Fran O’Sullivan holds Labour and David Cunliffe to account over their silly scare-mongering over Air New Zealand.
Air New Zealand has frequently been a political football for politicians of all stripes who have wanted to calibrate its operations towards spurious “national interest” grounds which owe more to politics than this country’s future.
So it was no surprise that this week Labour politicians claimed all sorts of calamities potentially face the airline – including another financial disaster on the scale of the 2001 bankruptcy (yes, I’m thinking of you, David Cunliffe) – simply because the Government has reduced its stake. It is an absurdity.
It sure was.
There has been a lot of political hogwash about the sell-down by the National-led Government and the underlying philosophy of the mixed-ownership model.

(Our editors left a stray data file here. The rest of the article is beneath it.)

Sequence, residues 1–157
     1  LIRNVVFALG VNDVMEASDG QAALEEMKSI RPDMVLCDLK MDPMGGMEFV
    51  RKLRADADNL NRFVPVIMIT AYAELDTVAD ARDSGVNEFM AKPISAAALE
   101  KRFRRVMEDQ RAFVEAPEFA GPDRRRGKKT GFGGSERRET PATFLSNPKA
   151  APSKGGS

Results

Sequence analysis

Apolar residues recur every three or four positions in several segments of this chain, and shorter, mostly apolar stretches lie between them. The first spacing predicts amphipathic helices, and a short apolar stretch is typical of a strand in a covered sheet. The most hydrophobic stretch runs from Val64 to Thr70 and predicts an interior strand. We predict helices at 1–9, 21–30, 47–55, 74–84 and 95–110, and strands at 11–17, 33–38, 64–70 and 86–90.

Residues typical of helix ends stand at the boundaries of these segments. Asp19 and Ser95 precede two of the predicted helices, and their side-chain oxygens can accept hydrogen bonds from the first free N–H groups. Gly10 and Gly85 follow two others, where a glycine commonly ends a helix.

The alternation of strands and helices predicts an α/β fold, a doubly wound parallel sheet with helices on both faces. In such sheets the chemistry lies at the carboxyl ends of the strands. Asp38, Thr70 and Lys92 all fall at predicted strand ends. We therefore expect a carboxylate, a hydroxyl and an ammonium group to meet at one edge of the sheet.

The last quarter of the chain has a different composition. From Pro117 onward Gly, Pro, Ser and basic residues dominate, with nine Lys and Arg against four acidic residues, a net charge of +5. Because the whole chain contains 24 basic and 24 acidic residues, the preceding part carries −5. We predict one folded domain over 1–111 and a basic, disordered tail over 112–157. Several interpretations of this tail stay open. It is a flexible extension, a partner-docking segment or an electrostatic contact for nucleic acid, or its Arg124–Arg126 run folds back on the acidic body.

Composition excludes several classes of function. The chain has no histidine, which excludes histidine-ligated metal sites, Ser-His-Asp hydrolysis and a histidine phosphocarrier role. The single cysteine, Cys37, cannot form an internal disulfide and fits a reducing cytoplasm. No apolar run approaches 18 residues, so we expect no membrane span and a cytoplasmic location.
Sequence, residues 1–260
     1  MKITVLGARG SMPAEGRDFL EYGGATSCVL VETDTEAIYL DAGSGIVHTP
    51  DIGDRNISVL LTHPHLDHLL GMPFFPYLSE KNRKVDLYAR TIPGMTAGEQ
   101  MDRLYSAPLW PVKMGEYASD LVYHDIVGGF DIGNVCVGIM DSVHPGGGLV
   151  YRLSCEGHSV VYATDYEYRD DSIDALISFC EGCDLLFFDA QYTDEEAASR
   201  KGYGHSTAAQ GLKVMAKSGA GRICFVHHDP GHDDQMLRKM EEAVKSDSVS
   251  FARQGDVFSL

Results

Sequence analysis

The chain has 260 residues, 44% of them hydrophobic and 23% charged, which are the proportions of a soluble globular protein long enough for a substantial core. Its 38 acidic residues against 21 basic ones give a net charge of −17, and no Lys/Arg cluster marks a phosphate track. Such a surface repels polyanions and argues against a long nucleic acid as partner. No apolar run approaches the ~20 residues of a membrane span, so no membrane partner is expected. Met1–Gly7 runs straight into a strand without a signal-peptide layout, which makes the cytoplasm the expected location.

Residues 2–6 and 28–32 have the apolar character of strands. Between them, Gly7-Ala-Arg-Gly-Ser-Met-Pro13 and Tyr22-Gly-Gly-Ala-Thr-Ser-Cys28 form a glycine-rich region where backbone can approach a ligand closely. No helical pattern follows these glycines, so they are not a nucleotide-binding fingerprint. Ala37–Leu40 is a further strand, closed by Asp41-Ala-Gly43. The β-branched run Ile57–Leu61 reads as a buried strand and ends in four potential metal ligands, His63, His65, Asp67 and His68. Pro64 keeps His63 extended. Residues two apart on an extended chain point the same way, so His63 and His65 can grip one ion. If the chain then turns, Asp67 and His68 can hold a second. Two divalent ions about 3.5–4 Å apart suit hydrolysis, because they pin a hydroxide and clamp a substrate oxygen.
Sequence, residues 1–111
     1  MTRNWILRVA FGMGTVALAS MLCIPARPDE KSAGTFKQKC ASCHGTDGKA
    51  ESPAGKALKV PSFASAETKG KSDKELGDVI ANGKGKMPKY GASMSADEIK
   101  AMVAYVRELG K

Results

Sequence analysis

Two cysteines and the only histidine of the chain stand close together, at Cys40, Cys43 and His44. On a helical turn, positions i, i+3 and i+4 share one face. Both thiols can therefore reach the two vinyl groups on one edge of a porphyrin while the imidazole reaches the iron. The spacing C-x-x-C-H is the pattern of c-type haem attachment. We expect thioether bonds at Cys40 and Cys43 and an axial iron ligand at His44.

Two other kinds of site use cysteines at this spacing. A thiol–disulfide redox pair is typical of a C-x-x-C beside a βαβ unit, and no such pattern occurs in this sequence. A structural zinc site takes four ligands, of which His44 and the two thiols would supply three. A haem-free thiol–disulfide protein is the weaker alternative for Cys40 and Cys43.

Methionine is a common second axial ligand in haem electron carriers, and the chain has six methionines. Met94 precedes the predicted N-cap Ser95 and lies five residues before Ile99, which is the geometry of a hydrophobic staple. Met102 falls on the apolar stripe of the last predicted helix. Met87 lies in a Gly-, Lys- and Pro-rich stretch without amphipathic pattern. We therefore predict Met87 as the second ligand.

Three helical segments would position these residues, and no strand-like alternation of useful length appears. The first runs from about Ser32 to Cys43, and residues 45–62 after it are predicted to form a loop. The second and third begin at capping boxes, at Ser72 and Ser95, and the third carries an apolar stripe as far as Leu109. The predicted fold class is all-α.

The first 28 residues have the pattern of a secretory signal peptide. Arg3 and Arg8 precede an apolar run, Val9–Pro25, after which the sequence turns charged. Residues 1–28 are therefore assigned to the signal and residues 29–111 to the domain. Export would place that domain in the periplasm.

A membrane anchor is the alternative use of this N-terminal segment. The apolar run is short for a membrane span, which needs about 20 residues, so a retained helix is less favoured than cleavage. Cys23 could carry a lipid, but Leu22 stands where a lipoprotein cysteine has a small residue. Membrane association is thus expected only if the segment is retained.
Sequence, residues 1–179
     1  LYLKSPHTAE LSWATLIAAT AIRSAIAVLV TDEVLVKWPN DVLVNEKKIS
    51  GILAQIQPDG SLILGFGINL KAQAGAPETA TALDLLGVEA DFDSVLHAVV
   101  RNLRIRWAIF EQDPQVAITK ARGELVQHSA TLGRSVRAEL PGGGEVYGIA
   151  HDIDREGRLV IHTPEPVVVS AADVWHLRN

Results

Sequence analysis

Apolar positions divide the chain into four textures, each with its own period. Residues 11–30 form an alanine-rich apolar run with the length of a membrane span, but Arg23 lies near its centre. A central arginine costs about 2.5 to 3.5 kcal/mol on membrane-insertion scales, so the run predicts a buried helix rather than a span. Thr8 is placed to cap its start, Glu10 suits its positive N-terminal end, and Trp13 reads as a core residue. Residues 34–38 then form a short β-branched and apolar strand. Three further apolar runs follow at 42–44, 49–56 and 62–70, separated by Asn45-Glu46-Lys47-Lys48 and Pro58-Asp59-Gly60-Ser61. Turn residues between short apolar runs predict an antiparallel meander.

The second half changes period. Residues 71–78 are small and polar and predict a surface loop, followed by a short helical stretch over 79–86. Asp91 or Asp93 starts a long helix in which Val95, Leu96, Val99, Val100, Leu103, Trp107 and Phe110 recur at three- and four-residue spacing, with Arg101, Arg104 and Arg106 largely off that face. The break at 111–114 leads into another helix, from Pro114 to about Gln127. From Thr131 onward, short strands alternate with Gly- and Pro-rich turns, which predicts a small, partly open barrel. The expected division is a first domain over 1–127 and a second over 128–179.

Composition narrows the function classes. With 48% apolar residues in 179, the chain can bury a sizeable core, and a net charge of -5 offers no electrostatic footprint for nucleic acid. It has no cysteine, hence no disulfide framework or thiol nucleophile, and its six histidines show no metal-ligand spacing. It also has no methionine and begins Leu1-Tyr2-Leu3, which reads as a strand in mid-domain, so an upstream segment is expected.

But in essence, Labour invented the mixed-ownership model with its 1980s privatisation of the Bank of New Zealand and its later recapitalisation of the airline in 2001 which put it in the box seat with an 82 per cent stake (later reduced to 76 per cent after a rights issue).
It’s also worth recalling that the Clark Government wanted Air NZ to form an alliance with Qantas a decade ago, which would have resulted in the Government’s stake being reduced to 64 per cent. No Labour politician – including Cunliffe – raised a squawk then about how allowing another player onto the Air NZ share registry would result in the airline heading towards the knacker’s yard, though arguably (and in hindsight) given Qantas’ subsequent fortunes that prospect would have held more water than the subjects of this week’s politicking. Read more »